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Despite the slowdown in fixed asset investment and the normalization of monetary policy, China's economy continued to grow at a double-digit pace in 2010, primarily due to the quick recovery of external demand and the robust investment in the real estate sector. A Manufacturers Alliance/MAPI report, China Manufacturing Outlook: Slower But Still Robust Growth in 2011, expects growth to ease to a more sustainable pace in 2011 because of tightened monetary policy and sluggish growth among China's major trading partners.
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The report, authored by Economist Yingying Xu, Ph.D., explains the sales revenue forecast for China's manufacturing in general and provides a detailed analysis and 2011 forecast for a selected group of 16 of its most important industries.
"China's growth in 2010 was initially driven by the massive fiscal stimulus plan which focused on government-led infrastructure investment and by an extremely accommodative monetary policy which led to 30 percent growth in the money supply," Xu said. "However, these key drivers began to change in the second half of 2010. GDP growth declined from 10.6 percent in the first half to 9.6 percent in the third quarter before ending at 10.1 percent for all of 2010."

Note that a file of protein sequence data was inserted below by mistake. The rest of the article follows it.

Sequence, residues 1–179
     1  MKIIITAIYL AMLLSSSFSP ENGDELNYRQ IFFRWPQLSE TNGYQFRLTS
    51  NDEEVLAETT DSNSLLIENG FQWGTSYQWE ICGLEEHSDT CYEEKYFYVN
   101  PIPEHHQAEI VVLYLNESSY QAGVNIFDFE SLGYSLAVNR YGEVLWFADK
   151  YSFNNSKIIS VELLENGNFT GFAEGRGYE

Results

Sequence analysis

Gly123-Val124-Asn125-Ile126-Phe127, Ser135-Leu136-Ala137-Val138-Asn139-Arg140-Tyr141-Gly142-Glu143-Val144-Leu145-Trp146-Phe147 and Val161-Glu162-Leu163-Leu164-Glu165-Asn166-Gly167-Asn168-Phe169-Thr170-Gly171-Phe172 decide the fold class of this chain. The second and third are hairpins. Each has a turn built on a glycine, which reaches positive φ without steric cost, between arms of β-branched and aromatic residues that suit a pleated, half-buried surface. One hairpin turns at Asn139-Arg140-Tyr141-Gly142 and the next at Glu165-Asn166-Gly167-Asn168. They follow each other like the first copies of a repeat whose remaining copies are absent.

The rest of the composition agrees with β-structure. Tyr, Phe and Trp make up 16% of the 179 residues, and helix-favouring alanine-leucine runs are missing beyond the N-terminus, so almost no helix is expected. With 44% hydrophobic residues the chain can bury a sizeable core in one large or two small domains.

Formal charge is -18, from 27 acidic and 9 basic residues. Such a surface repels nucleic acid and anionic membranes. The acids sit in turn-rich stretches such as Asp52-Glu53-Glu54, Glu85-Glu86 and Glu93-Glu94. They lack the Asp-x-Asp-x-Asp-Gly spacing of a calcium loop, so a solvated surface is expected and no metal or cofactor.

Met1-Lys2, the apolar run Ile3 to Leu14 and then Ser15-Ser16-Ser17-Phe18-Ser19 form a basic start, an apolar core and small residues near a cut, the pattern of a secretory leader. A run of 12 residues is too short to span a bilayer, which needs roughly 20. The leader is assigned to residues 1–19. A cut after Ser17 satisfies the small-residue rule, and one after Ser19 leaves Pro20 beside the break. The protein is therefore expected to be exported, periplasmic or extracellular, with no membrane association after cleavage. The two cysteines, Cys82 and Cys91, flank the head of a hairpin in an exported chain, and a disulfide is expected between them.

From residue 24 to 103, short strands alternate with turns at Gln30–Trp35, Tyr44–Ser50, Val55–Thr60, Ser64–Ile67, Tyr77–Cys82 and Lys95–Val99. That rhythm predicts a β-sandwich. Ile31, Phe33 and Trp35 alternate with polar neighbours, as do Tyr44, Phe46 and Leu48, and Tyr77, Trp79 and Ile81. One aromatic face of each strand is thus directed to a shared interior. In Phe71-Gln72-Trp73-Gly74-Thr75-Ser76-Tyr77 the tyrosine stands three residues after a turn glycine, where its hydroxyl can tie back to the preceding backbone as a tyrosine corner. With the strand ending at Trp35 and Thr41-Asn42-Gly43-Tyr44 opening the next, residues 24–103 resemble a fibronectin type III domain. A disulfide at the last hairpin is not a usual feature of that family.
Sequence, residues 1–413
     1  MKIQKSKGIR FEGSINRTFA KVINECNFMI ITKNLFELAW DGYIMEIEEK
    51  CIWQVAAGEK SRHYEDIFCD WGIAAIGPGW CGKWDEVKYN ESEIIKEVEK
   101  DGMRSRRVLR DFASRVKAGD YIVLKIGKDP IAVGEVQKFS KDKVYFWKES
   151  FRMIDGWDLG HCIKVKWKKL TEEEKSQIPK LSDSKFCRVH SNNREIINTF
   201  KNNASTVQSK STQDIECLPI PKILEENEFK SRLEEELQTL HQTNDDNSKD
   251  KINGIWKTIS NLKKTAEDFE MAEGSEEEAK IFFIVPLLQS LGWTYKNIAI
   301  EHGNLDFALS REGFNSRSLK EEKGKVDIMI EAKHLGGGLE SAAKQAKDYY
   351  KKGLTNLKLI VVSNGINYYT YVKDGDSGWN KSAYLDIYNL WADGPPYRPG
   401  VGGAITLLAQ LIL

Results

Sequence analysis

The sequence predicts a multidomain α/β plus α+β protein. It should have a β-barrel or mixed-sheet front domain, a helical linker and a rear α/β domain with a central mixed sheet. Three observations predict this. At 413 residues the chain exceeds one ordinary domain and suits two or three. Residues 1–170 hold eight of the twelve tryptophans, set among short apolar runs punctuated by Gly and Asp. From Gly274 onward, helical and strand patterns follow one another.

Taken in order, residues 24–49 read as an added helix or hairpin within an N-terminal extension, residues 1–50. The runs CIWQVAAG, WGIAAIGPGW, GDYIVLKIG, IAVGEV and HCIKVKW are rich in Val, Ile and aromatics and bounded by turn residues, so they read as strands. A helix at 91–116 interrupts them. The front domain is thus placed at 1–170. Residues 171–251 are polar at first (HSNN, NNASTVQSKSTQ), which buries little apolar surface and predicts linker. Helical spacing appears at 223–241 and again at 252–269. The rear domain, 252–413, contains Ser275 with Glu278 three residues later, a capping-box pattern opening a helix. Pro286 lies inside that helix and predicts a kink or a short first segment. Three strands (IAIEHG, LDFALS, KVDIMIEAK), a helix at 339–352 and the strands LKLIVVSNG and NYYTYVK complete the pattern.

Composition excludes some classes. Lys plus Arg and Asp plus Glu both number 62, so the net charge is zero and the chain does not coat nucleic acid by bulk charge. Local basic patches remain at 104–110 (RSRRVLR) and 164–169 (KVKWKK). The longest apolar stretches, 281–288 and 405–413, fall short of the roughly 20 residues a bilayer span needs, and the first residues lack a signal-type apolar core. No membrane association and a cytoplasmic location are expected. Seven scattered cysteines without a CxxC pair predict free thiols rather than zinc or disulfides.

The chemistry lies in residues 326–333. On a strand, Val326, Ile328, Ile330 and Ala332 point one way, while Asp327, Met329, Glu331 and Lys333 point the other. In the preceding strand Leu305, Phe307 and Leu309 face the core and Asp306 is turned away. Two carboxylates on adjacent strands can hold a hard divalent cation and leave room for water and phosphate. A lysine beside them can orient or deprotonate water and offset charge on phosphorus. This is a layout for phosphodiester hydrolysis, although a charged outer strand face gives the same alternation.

The report notes that the deceleration in the growth rate was more pronounced in the industrial sector than in the agricultural and service sectors. For 2010, fixed asset investment grew 24 percent on a year-over-year basis compared with 30 percent growth in 2009.
MAPI forecasts 9 percent economic growth in China in 2011. Xu expects that monetary policy will likely remain tight, at least through the first half of 2011. In addition, she sees China's exports, which surged 31 percent and surpassed the pre-crisis levels in 2010, easing into more moderate expansion in 2011 and the trade surplus, a constant source of friction with China's major trading partners from industrialized countries, gradually declining.
MAPI predicts that final total manufacturing sales revenue will show 30 percent growth in 2010 and anticipates 19 percent growth in 2011. Most consumer goods manufacturing accelerated its growth pace in 2010, due largely to the rapid recovery of global trade and improved labor market conditions. Rising inflation and the sluggish recovery in industrial countries, however, will impose risk for both domestic and internal demand in 2011.
Wood products are expected to show the most growth in 2011 at 30 percent, followed by chemicals at 23 percent, and by motor vehicles and trailers at 22 percent. The food and beverages, paper, and rubber and plastics industries are all expected to experience 20 percent growth in 2011.